My gym membership fees come out of my pay cheque so I'm basically saving money by going for a 7am spin class, right? I have breakfast at my desk because eating any earlier than 9.30am is a no-no for me and the work canteen is pretty cheap (sadly the coffee is awful). I usually try to get out for lunch but couldn't escape from The Desk today so grabbed a wrap from the canteen (cheaper than Itsu by far). Popped into Boots after work for cotton wool and hay fever tablets and spent my evening watching the Rio Olympics on a big screen with a £3 M&S sandwich because watching other people do sport is hungry work.


Started the day with a free Heart Core barre class and feel pretty good about y'know life and stuff. Pop into Taylor Street Baristas on the way to work for a soya cappuccino which counts as breakfast. Lunch is a falafel salad from a place near the office and I pop into one of those ubiquitous City card shops to buy a card for my penpal (yes it's 2016 and I have a penpal). The graduates at work are moving on to new departments next week so we have drinks and nibbles for their departure - a Diet Coke and (several handfuls of) Mini Cheddars equals dinner (oops but free!).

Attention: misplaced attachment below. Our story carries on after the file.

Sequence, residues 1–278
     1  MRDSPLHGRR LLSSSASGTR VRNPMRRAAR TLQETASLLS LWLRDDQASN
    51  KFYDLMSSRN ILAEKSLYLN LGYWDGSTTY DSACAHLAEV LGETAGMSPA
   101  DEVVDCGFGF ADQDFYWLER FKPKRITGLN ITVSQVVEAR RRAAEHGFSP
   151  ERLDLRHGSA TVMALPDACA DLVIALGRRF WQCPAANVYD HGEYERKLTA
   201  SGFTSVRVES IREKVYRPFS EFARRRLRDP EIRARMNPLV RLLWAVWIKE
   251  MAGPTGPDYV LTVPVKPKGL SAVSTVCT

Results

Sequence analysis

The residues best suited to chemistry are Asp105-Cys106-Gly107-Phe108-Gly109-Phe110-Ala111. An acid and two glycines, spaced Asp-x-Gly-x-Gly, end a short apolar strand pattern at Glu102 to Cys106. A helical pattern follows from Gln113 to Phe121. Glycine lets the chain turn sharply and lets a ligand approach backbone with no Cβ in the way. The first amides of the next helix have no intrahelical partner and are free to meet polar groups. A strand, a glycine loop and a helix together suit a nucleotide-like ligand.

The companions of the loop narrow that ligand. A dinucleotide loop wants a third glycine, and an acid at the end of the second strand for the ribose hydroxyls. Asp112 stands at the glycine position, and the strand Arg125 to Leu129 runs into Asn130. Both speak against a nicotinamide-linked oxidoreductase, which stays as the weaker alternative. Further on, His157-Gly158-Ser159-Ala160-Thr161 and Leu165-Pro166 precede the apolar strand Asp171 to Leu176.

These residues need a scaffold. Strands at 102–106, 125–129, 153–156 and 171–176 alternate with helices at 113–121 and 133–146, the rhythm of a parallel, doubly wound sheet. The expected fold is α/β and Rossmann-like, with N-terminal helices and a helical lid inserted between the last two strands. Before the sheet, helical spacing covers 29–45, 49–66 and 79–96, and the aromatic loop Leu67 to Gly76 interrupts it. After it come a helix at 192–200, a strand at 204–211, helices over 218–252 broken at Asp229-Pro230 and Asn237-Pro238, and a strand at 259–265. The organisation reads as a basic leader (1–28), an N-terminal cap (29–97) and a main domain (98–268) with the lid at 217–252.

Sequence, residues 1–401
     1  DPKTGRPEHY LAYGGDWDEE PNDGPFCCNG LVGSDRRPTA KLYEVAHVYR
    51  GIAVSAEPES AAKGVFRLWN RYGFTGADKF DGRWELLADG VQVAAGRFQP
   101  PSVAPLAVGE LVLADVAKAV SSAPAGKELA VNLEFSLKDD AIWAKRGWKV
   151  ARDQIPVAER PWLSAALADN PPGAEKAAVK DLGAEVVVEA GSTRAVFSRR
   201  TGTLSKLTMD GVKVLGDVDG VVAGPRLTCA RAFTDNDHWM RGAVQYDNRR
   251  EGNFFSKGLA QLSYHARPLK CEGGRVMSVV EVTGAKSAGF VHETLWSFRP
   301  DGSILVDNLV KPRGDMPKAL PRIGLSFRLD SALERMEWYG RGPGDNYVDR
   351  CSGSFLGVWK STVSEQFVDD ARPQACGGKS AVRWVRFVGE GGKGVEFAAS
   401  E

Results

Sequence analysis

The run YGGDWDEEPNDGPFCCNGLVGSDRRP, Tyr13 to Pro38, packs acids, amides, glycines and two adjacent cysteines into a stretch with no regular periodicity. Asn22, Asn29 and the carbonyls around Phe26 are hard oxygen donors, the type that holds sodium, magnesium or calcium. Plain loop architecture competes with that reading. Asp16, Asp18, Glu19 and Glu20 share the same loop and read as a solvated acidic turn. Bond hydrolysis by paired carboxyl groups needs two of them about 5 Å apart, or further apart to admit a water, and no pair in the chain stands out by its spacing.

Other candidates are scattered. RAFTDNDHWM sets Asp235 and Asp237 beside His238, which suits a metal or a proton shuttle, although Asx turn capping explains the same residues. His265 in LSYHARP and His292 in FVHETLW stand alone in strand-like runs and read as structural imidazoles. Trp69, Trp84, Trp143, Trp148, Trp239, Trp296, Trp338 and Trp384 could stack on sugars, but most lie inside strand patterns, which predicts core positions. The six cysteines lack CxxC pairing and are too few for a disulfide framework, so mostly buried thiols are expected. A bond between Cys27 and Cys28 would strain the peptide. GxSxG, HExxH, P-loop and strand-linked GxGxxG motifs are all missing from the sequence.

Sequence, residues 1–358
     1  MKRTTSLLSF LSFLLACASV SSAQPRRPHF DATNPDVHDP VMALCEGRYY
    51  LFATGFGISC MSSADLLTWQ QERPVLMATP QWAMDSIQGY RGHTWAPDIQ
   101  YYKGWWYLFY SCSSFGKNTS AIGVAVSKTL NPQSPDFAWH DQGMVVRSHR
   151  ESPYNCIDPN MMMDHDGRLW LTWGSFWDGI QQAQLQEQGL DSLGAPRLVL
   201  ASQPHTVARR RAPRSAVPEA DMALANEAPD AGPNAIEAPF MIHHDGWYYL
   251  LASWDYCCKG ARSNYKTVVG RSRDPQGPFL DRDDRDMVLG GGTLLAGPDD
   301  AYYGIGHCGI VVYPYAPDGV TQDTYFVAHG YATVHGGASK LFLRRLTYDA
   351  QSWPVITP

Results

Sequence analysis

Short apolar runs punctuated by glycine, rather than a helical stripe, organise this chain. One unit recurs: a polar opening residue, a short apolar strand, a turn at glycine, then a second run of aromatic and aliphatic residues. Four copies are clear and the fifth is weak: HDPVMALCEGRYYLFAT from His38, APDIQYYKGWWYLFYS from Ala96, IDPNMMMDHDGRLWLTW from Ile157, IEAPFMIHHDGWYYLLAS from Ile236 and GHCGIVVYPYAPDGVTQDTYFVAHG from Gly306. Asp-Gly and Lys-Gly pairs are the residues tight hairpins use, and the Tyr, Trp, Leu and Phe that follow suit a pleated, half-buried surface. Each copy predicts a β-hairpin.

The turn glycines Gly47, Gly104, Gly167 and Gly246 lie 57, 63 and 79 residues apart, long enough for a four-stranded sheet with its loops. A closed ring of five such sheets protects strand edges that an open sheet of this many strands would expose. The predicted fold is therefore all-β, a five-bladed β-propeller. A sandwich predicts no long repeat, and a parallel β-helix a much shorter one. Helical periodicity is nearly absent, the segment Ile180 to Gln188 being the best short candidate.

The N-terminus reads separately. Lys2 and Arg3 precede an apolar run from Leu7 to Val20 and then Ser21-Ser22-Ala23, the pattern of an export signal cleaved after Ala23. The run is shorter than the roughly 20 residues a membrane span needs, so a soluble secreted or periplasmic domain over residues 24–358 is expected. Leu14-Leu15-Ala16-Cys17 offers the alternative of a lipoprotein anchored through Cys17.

Due to aforementioned gym membership I try not to spend extra money on workout classes but the weather forecast is good and yoga at Dalston Roof Park sounds like an amazing way to start a sunny Friday and something I won't regret in November. I walk the 40 minutes there and hop on the train to work after. I rarely get public transport so just do pay-as-you-go on my Oyster Card or use a contactless credit card. A friend tells me that Adriene Mischler of Yoga With Adriene is holding a class in London in October so I book in a panic - crazy expensive but I don't really watch TV or care about the Kardashians so she's pretty much a celebrity to me. Lunch eaten outside from a Japanese cafe near the office. Food shop on the way home from work as I need to blog a recipe - buy avocados and salad ingredients in the hope of making something photogenic (the result) and having leftovers for the weekend.